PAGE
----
Friday, May 15, 2009

West side entry

With the 'new' airport at Bengaluru being almost a two hour drive from the city centre, the number of people choosing to drive up, rather than fly, to Chennai would certainly have gone up. If you are one of those, you would be glad to see this toll booth because that's the last one on NH4 before you enter Chennai.

Unlike the one on the ECR (was that the first ever toll road in Chennai?), this one is managed by the National Highways Authority of India. The NH4 has always been a very significant road (not only because it connects Chennai to Poonamallee) for it is the road link to Bangalore and beyond that, all the way to Mumbai.

Even though I wasn't driving in all the way from Bangalore (I had gone only to Sriperumbudur), I was still glad to see this sign - it is back to the city!

Thursday, May 14, 2009

A temple begins?

Doesn't really take much to get faith started, does it? It's like holding your car key with your left hand and then moving it to your right - or the other way around, if it pleases you. Do it often enough and it will be a ritual that, when you miss it, leaves you feeling vaguely uneasy. It is what makes the Bodyguard Muniswaran the place to go to for new vehicles.

Here's one more, sprouting under a peepul tree on the extension of Flagstaff Road. Someone cares enough about this Nandi to smear turmeric and vermillion on the treetrunk around it. From the looks of it, a few people have already begun to regard this Nandi as a fulfiller of wishes; notice the coloured ribbons tied around the roots of the tree (top of picture)? Those must be the reminders of favours sought. A few more years of this and then a structure will start coming up around it, regular pujas will be performed, donations will be accepted, the works. Then, the legend of the temple will have to be created, with stories of how prayers to this idol were miraculously fulfilled.... in fact, I'm tempted to come up with a story or two myself!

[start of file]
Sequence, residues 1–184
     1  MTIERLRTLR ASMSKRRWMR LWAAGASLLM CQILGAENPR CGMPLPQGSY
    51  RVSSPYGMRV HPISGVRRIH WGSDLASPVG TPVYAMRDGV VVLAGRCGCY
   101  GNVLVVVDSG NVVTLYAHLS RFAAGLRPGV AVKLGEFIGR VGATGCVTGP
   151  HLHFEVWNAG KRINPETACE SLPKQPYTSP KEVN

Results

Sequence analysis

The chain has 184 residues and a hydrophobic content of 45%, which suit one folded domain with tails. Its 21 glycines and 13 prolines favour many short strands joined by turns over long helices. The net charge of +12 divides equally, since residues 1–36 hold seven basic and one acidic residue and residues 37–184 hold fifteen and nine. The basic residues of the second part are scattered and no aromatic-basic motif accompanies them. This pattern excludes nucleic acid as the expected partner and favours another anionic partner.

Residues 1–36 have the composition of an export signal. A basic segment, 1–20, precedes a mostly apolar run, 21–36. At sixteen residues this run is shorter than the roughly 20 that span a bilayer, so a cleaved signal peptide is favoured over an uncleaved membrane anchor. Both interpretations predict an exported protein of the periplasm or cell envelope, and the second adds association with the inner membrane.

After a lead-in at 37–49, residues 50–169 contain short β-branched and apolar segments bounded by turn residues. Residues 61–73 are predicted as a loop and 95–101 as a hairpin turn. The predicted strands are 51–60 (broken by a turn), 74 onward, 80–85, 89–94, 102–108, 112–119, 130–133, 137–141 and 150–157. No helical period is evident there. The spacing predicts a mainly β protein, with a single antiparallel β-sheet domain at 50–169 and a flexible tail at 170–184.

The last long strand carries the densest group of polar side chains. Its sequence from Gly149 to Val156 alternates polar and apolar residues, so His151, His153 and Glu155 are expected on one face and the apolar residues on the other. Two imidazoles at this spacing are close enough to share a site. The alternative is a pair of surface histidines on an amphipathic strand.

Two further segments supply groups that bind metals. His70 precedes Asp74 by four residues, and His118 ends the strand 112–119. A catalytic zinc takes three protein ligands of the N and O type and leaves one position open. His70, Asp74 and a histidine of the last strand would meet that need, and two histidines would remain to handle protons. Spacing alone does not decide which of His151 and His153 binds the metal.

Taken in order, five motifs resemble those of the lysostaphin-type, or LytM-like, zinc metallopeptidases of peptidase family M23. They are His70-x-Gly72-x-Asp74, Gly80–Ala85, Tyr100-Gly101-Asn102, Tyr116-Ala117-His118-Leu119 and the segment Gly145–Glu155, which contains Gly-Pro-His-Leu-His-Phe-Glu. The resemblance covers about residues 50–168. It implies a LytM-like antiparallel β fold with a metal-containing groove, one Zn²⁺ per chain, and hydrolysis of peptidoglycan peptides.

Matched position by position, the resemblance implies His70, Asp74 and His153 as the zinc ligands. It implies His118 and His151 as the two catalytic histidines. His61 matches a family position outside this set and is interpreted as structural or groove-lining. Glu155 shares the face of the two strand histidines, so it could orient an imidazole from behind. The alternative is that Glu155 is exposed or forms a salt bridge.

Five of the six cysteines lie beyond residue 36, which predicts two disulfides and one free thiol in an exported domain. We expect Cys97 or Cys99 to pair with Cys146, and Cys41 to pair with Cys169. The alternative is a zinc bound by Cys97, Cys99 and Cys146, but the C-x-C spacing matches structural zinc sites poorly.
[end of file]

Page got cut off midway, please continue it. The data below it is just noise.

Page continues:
Wednesday, May 13, 2009

Water supply

Coming up from the southern districts into Chennai city, the NH45 rises up in a bridge just before getting into Porur. That bridge divides the Porur lake into two unequal parts, with the smaller part, shown in the picture on the left. Spread over 300 acres, the lake today is less than half of what it was about half-a-century ago. The 800 acres covered by the lake provided the water to irrigate about the same area of farmland. As the city spread out, the farms went away and the lake began to dry out, too, leaving the field clear for illegal encroachments.